Re: [isabelle] Unable to generate code for ?P = (%x. True)

> Many thanks - this is very good to know. I got over some hurdles, but soon
> ran into existential quantifiers.

EX is completely dual to ALL, also w.r.t. code generation.

>   - What can be said in the case of making a 'SOME' executable?

Tricky. Of course in general you cannot. But even if everything inside
the SOME is executable, non-uniqueness (esp for "SOME x. False") almost
always rule out replacing the some by a logically equivalent term. You
usually have to resort to extra-logical means. For example, in our Jinja
work we implemented "%S. SOME x. x : S" by the ML function "hd" on lists:

  some_elem :: "'a set => 'a"
  "some_elem == (%S. SOME x. x : S)"

  "some_elem" ("hd")

The const_code statement is outside the logic and it is your
responsibility that hd is a correct implementation of some_elem!

>   - Suppose one has a lemma which proves a unique integer exists satisfiying
>     some properties, given some preconditions. How could one add an
>     appropriate "code lemma"? (To get, say, the function which returns the
>     unique integer when the preconditions are met and zero otherwise.)

In that case I would avoid working with SOME in the first place. Use
THE. And if you want to generate code: don't even use THE, define the
function explicitly. For example, if the element can be found by a
search over some interval:

fun search where
"search i j = (if i<j then if p i then f i else search (i+1) j else 0)"

Then prove that search has the properties you want and use search where
you would have used SOME.


> Thanks again,
> 	Duraid
> On Tue, Nov 04, 2008 at 11:47:24AM +0100, Tobias Nipkow wrote:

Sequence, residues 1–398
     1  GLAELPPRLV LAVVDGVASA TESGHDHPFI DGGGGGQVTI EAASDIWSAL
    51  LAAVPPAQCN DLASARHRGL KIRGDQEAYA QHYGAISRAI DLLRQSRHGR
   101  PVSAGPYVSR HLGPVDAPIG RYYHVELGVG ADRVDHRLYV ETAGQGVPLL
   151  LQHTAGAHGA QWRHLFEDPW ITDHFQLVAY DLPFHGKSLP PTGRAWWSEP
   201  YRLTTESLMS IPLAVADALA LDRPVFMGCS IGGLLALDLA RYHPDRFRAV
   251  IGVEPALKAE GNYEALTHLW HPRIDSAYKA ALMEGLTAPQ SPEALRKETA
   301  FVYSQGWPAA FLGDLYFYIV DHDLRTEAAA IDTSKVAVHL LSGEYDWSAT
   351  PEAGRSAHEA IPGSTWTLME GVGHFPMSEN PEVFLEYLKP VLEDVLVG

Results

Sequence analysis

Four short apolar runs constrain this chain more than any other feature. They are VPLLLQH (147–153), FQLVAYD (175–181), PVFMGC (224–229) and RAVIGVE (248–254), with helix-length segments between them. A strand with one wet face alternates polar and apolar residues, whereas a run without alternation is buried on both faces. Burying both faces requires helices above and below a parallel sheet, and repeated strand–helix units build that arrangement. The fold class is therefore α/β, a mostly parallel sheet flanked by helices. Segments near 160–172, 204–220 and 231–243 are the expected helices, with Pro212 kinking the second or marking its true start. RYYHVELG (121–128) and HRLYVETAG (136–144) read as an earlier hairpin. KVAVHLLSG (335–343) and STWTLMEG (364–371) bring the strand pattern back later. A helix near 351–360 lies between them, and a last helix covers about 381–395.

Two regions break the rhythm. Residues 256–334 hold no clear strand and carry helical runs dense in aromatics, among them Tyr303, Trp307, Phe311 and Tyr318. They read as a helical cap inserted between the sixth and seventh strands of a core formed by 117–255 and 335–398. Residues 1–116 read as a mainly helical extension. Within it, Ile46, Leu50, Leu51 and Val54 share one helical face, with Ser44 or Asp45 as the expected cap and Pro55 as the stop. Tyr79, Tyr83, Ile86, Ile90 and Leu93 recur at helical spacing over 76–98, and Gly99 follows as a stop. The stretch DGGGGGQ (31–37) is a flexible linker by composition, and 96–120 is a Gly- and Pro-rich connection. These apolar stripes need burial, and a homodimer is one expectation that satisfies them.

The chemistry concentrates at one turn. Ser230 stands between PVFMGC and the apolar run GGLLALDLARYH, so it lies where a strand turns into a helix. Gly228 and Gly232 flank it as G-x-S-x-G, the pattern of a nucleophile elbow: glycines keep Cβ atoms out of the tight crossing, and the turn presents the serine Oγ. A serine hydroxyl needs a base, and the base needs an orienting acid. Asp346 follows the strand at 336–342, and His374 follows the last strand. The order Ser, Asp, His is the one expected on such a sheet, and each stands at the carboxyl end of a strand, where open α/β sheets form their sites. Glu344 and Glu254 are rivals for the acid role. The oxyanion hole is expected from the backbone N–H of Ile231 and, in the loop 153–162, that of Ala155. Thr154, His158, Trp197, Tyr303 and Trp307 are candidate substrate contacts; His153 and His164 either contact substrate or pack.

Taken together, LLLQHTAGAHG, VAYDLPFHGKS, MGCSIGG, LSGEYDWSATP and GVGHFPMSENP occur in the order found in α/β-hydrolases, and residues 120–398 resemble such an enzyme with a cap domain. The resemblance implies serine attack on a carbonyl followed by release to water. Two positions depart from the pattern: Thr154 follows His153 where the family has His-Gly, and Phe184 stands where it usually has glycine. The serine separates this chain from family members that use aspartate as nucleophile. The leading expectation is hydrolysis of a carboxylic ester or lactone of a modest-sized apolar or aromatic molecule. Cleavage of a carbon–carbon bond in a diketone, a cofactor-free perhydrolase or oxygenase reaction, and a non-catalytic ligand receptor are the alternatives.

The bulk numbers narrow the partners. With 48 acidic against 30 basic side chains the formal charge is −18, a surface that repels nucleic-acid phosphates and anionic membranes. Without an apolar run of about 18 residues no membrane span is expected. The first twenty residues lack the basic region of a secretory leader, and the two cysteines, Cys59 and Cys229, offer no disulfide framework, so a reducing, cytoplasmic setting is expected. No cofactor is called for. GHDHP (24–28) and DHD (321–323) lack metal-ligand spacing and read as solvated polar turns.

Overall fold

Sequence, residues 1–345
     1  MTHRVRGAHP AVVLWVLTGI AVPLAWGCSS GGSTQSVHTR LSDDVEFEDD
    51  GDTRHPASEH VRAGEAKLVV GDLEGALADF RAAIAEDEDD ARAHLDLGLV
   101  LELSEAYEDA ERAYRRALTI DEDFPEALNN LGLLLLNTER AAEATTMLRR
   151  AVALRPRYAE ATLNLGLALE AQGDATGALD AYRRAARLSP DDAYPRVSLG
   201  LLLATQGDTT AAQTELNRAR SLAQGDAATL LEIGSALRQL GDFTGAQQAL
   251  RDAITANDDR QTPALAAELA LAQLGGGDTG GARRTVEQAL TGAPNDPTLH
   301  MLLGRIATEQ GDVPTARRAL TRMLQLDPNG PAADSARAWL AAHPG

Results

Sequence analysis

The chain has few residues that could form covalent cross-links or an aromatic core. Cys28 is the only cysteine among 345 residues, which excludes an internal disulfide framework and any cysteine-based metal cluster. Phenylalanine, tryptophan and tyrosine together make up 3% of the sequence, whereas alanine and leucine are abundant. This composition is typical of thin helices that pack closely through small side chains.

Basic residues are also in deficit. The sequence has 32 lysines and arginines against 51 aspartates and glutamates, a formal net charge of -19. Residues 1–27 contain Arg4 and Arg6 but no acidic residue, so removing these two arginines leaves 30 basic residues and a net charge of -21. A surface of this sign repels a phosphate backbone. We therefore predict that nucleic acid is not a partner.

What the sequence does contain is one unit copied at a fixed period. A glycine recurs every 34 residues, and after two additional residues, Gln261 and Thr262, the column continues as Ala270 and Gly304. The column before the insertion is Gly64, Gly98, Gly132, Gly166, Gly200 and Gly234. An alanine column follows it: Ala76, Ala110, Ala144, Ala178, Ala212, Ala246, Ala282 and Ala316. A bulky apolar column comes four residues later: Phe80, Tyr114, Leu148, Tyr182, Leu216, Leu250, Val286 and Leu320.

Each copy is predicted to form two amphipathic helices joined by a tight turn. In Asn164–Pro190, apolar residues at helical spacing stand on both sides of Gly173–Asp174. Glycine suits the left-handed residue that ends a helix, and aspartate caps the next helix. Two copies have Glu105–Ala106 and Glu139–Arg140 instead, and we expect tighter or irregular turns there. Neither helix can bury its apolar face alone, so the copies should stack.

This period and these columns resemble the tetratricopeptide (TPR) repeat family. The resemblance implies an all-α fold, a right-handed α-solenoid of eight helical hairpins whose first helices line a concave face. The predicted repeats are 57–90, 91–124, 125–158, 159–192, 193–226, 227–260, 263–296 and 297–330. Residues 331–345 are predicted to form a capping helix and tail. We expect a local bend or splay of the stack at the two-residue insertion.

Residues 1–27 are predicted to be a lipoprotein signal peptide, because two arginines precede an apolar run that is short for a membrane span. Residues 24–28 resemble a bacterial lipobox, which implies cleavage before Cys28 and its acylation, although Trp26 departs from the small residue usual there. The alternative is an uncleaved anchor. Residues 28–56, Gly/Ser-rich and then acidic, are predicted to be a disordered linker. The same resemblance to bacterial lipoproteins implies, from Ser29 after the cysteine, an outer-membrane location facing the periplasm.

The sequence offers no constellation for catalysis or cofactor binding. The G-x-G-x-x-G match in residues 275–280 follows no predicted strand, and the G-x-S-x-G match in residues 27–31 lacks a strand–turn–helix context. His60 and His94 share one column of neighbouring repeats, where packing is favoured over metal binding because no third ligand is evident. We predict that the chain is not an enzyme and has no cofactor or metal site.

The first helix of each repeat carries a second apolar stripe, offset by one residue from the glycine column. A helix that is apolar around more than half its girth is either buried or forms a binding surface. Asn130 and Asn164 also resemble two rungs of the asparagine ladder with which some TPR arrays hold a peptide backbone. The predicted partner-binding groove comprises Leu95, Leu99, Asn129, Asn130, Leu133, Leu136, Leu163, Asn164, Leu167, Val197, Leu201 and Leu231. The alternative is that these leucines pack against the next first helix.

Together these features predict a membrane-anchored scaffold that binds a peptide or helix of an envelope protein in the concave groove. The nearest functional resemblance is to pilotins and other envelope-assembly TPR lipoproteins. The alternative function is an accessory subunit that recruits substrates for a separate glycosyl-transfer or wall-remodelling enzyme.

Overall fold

>> Universal quantifiers are not executable. The only exception are bounded
>> quantifiers of the form "Q x : A" where A is one of two kinds of sets:
>> either a set interval, eg {0..n::nat}, or a set coming from a list, eg
>> "set xs". Formulas "ALL x. x < n --> ..." are not recognized as
>> executable. You have to rewrite them into the set interval form:
>> definition
>>   m_cond :: "nat => (nat => nat) => bool" where
>>   "m_cond n mf =
>>     ((ALL i : {0..n}. 0 < mf i) &
>>      (ALL i : {0..n}. ALL j : {0..n}. i ~= j
>>    --> gcd (mf i, mf j) = 1))"
>> Now
>> value "m_cond 1 (%x. 3)"
>> returns "false".
>> Note: you must import the theory "Executable_Set" for this to work!
>> Regards
>> Tobias
>> Duraid Madina wrote:
>>> I was expecting a bool from the following, but instead got the error in the subject:
>>> ~~~~~~~~~~~~~~~~~~~~~~~~~~~~~~~~~~~~~~~~~~~~~~~~~~~~
>>> theory odd imports Primes begin
>>> definition
>>>   m_cond :: "nat => (nat => nat) => bool" where
>>>   "m_cond n mf =
>>>     ((ALL i. i <= n --> 0 < mf i) &
>>>      (ALL i j. i <= n & j <= n & i ~= j
>>>    --> gcd (mf i, mf j) = 1))"
>>> value "m_cond 1 (%x. 3)"
>>> ~~~~~~~~~~~~~~~~~~~~~~~~~~~~~~~~~~~~~~~~~~~~~~~~~~~~
>>> Am I doing something evil here?
>>> 	Duraid

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